Your LinkedIn profile is no longer just a digital resume, but a serious business-to-business platform where business-minded people effectively network and prospect for their next business opportunities.
It is the B2B social media channel of choice in which you should be engaging and contributing to on a regular basis.
B2B businesses also benefit from online marketing when seeking expansion, both finding new clients and hiring new team members.
A well-built and honest online presence will draw people who naturally want to work with or in your shop.
4. My Industry is Too Boring for Digital Marketing
No industry is “too dull” in the eyes of those involved. There is always an interesting angle, a level of detail that will fascinate exactly the people you hope to attract.
There are two ways to approach an industry topic that you feel is dull. The first is to go niche – appeal to the people who care most about your service quality. The second is to bring interesting details to life for the average reader.
A carpet and floor cleaning business, for example. Some would say this is a dull topic, but they can take their digital campaign either way.
On the first path, they can talk about their professional cleaning methods and the lab-testable clean results.
On the second path, they can break it down to the fascinating molecular level. Explain in plain language, video, animations, or infographics how the cleaning methods destroy “dirt” and “germs”, and what dirt and germs really are. This will appeal to – and inform – a more general-audience of readers and potential clients.
A fantastic real-world example of this concept is the now-viral “Will it Blend?” video marketing series from Blendtec.
While there is nothing inherently interesting or entertaining about blenders, Tom Dickson the inventor and founder of Blendtec created a content marketing triumph by putting his heavy-duty blender up against the most random things he could find.
It was entertaining and compelling and he revolutionized his business and video marketing in general.
The bottom line here is, even the most boring subject can be made compelling by combining a bit of out-of-the-box thinking and digital marketing techniques.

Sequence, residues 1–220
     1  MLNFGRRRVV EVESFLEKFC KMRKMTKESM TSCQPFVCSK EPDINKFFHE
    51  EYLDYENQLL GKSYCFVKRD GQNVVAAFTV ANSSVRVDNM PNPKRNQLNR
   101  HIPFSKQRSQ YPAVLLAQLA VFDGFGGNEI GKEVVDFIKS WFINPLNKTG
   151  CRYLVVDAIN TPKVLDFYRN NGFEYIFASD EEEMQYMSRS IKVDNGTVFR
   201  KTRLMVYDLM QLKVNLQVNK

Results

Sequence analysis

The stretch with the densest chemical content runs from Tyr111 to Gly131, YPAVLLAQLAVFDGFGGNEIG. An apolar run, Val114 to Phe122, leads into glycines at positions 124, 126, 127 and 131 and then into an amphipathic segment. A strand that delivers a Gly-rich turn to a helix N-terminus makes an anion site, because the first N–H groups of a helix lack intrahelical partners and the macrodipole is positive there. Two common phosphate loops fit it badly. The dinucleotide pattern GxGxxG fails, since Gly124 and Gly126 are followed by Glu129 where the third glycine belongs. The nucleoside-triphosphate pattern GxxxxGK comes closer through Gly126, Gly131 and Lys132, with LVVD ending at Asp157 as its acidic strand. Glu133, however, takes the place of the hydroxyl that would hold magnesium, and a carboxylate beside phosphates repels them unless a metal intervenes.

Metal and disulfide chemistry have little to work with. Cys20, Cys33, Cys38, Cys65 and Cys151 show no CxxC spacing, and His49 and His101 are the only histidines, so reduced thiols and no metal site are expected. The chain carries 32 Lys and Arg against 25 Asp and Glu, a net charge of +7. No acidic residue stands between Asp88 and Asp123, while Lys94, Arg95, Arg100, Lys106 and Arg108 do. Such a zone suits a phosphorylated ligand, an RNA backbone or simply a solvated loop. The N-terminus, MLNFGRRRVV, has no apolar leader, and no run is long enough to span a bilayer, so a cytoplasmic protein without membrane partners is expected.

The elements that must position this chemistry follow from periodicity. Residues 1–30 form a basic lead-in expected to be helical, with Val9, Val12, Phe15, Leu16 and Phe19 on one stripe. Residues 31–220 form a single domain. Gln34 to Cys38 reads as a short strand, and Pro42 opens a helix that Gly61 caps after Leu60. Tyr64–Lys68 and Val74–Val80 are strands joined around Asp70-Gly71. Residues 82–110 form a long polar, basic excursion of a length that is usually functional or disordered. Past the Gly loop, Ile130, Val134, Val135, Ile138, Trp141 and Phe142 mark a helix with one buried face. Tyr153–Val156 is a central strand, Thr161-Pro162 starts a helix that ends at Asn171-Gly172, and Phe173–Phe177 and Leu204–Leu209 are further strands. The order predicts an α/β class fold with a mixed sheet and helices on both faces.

5. Negative Reviews are Bad News
The first negative review a company gets can feel like an elevator dropping. It can feel like the party is over, and the digital marketing myths surrounding negative reviews may only fuel your worry.
Do not worry.
Negative reviews aren’t as bad as anyone thinks. In fact, they can be a blessing if used correctly. The more successful you get, the more valuable negative reviews become, for a couple of different reasons.
First, negative reviews are your time to shine in diplomacy. Say something nice, understanding, and offer customer support. Give a non-public channel to address detailed concerns and do your best to make the reviewer happy. If you succeed, they may change the review and become a happy conversion, a positive story that shows off your dedication to customer service.
Anyone who refuses your polite and diplomatic resolution reveals themselves to be a troll. Trolls are known trouble-stirrers and the internet population pays them no mind.
The second thing a negative review does is prove that your page is not “ballot stuffed” with shills. A shill is a hired good review. A few negative reviews from picky people who can’t be pleased will show that you’re not grooming your page and that your high-star rating is honestly earned.
Digital Marketing Myths – The Takeaway
In 2020, blindly believing these digital marketing myths can have devastating effects on your business and your bottom line.
Digital marketing is an essential part of any business’s modern presence in the market today. It is essential but not exclusive.
Whether you are consumer-facing or B2B, whether your industry is exciting at face-value or interesting under the surface, you can build a great digital marketing campaign by understanding today’s best practices and ignoring these damaging digital marketing myths.
Contact us today to consult on crafting and leveraging your digital marketing strategy effectively to achieve your current and future business goals.